Debussy
La mer – three symphonic sketches
Lutosławski
Cello Concerto
Concerto for Orchestra

Truls Mørk (cello)

Philharmonia Orchestra
Esa-Pekka Salonen
Esa-Pekka Salonen. Photograph: Nicho Södling Continuing the Philharmonia Orchestra’s tribute to Witold Lutosławski in his centenary year, Esa-Pekka Salonen opened this concert with one of the Polish composer’s favoured French works. Debussy subtitled La mer “three symphonic sketches” but Salonen was rather too rigorous throughout; his unfolding of this wondrous score was taut and concise, eschewing suggestion. There was no lack of poise or lucid detail though, the Philharmonia fine-grained and turning on a sixpence if not always required to achieve the quietest of dynamics. If the outer movements (the finale without the ad lib brass fanfares) had a sense of inevitable direction, the performance overall suffered from a shortage of evocative incident and a surfeit of primary colours. The central panel, ‘Jeux de vagues’ (Play of the Waves), lacked nothing in energy but this should not be confused with exuberance. This was a good La mer, well prepared and sure of itself, but this is music with infinite possibilities, very few of which Salonen explored.
Truls Mørk. Photograph: Stephane de Bourgies/Virgin Classics At the behest of the (bicentennial) Royal Philharmonic Society (hence the bust of Beethoven on the platform), Lutosławski composed his Cello Concerto for Mstislav Rostropovich (who else!). It was first performed at this venue in October 1970 with Edward Downes conducting the Bournemouth Symphony Orchestra. Opening with the cellist’s monosyllabic daydreaming (repeated Ds) Truls Mørk gave a performance that was as much to do with what is written as with anything theatrical or invented. Such balance was about right for Lutosławski didn’t offer anything extra-musical, although he did point to characterisation. From such opening whimsy, developing in complexity and significance, the abrasive putting-down interruptions by the brass added a thrilling charge. The writing for woodwinds took on a Brittenesque tinge here, beguilingly, and if one wonders what in the orchestra is complementary to the soloist, certainly in league with his fellow-strings at times, there was no doubt as to what is viciously confrontational, signifying the oppression of the individual, cramped in a cell, sadistic gaolers on patrol. Mørk was deeply impressive, not least the way he absorbed grace notes into the expression, continuing to free-think despite the orchestral onslaught, magnificently rich and dramatic, heading for cataclysm under Salonen’s unstinting direction for a composer he reveres, Mørk indefatigable and reiterating with greater intensification for the final bars.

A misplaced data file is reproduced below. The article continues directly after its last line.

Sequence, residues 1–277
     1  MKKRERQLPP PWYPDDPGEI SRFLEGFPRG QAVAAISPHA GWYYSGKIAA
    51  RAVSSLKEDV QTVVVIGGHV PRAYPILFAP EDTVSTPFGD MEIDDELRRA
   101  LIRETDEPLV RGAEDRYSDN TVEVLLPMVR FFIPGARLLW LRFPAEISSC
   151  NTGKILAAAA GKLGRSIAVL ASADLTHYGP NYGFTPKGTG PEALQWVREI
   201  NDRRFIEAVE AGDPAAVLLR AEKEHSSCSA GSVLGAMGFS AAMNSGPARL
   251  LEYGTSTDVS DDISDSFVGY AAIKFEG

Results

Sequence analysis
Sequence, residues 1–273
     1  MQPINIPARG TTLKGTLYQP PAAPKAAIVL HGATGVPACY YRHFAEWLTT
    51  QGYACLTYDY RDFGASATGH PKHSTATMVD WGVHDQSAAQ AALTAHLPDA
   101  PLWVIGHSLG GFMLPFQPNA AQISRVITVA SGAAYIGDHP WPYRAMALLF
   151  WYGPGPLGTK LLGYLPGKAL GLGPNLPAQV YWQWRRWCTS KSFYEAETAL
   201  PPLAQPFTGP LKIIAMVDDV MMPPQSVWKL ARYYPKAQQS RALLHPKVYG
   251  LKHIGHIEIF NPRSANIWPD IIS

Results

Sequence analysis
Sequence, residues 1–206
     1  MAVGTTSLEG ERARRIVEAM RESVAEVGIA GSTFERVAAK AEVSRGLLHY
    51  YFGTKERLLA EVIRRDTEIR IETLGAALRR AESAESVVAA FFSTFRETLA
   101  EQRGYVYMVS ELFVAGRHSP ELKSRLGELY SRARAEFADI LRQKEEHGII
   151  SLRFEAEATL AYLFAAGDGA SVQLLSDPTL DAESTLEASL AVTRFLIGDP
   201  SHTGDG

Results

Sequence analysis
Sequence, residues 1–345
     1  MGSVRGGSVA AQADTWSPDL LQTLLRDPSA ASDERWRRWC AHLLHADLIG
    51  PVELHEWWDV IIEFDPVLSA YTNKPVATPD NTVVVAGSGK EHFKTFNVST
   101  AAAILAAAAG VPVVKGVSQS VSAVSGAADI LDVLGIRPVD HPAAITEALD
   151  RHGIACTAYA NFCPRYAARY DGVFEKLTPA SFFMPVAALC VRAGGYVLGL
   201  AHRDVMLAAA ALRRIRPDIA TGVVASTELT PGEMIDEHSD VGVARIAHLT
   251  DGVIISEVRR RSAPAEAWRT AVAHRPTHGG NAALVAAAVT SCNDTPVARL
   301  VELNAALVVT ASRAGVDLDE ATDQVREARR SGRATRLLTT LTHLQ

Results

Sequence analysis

Witold Lutosławski (1913-94)beside the piano at his home. Photograph: W. Pniewski & L. Kowalski Concerto for Orchestra is from an earlier phase of Lutosławski’s varied creativity. Completed in 1954 this is music that is accessible, folksy and kaleidoscopic. There are plenty of opportunities for solo display but not at the expense of thematic development and a through line. Over tolling timpani (slightly too loud here and masking of other detail, the piano inaudible) Lutosławski launches an impassioned ‘Intrada’, propulsive and trenchant and not without ‘popular’ asides. It’s cut short though, a prelude to the ‘Capriccio notturno e Arioso’ that follows, music that flickers spectrally at speed, weaves sacred modulation into the texture and expands gloriously; with an ideal, articulate tempo it was given a perfectly primed and precise outing. The large-scale finale, ‘Passacaglia, Toccata e Corale’, can easily drag and sag (maybe why Paul Kletzki makes a cut on his Decca recording!); but not here for Salonen (again) kept the rein tight – this time to distinct advantage – through block-chord dissonance and euphonious melody, the fierce and filmic ‘Toccata’, which really took off, and bound now-familiar motifs into a grandiose conclusion, breaking loose for a final sprint to the finishing post, clinching Gold in the process. This meticulous and authoritative performance was brilliant and compelling, Salonen and the Philharmonia Orchestra forming a grand partnership.

 

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